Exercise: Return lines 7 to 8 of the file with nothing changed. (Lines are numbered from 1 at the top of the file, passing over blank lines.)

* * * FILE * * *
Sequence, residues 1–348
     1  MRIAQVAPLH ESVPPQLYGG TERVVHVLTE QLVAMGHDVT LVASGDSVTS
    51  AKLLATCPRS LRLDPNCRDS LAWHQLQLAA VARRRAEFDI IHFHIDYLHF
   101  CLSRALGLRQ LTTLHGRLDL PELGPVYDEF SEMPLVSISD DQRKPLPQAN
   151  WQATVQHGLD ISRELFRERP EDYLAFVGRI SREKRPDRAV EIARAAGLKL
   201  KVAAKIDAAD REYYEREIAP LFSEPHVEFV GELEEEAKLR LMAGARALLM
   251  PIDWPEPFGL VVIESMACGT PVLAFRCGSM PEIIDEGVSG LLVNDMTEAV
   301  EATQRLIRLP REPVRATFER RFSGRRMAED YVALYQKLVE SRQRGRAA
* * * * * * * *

   251  PIDWPEPFGL VVIESMACGT PVLAFRCGSM PEIIDEGVSG LLVNDMTEAV
   301  EATQRLIRLP REPVRATFER RFSGRRMAED YVALYQKLVE SRQRGRAA